(March 4, 2015) Historically, Michigan courts have been reluctant to impose upon listing brokers a duty of disclosure to purchasers of real estate. However, two recent decisions by the Michigan Court of Appeals illustrate important exceptions to the general rule that listing brokers do not have a duty of disclosure to buyers. Each case involved a listing broker’s failure to disclose environmental contamination.
In Bowman v. Green, the broker was marketing a condominium unit located at a contaminated former factory site. Despite extensive marketing materials indicating otherwise, the property was not fully remediated. The plaintiffs questioned the broker about the possibility of continuing contamination, but were assured that there were no environmental issues with the property, which was further supported by the seller’s disclosure statement. The plaintiffs purchased the property without an independent inspection.
The plaintiffs later learned that the property was contaminated, and filed suit against the seller and the listing broker. The broker’s case proceeded to trial, where the jury awarded the plaintiffs emotional and economic damages in excess of $400,000. The broker appealed, but the Court of Appeals rejected all of the broker’s arguments. The Court decided that because the broker made false representations about the property, the plaintiffs had no duty to uncover additional evidence, despite having the means to do so. Additionally, the appellate court confirmed that the broker could be held liable under the Seller’s Disclosure Act., based on evidence that the broker acted in concert with the seller to conceal the contamination.
The Court of Appeals reached a similar conclusion in Alfieri v. Bertorelli. The Court held that although Michigan law does not impose on listing agents a duty per se of disclosure to buyers, such a duty may be imposed where a listing agent has acquired new information that renders a prior affirmative statement untrue or misleading. Like Bowman, Alfieri also involved the sale of a condominium located on contaminated property. The listing salesperson had prepared a marketing brochure indicating that the property had been cleaned up, and the buyer had made direct inquires to the listing agent about the environmental condition of the property. The Alfieri Court noted that a duty to disclose may arise solely because a buyer expresses particular concerns or makes direct inquiries of the listing broker and seller about the issue. Of particular concern to brokers and salespersons, it appears that the sales brochure was prepared by the listing agent based on information obtained from the client.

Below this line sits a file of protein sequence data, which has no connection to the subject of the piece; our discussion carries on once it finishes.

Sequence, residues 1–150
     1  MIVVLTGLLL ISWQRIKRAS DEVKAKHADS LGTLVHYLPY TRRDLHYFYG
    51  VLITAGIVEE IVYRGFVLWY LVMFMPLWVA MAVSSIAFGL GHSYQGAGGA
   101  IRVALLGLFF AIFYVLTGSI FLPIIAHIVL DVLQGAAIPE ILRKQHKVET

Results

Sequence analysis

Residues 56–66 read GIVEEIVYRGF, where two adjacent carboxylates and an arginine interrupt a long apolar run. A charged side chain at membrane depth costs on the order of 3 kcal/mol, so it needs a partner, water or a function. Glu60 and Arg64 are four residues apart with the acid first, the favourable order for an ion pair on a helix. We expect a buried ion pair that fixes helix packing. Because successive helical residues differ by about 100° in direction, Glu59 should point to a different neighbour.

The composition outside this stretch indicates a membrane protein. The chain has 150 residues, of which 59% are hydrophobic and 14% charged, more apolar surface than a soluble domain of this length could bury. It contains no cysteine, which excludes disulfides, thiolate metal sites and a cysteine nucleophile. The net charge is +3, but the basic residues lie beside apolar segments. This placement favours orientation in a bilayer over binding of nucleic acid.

Thus, in Michigan the general rule remains that a listing broker need not disclose property defects to the purchaser, and is not liable for the seller’s misrepresentations about the property. However, Bowman and Alfieri serve as a reminder that once a broker has actual knowledge that prior representations were false or misleading, the broker has an obligation to correct or clarify the misstatements or risk being held liable for fraud. This is particularly true if the purchaser has specifically asked the broker about a particular issue.
In our experience, listing brokers and salespersons may expose themselves to potential claims by disgruntled buyers in the following circumstances:
- Where the broker acts in concert with a seller to conceal a property defect.
- Where the broker knowingly makes a false statement to a buyer, or makes a statement to a buyer without knowing whether it is true or false.
- Where the broker makes a statement to a buyer and later learns that the statement was false or misleading.
For more information or assistance regarding duties of disclosure in connection with sale of property, contact an attorney in the Rhoades McKee Real Estate Team.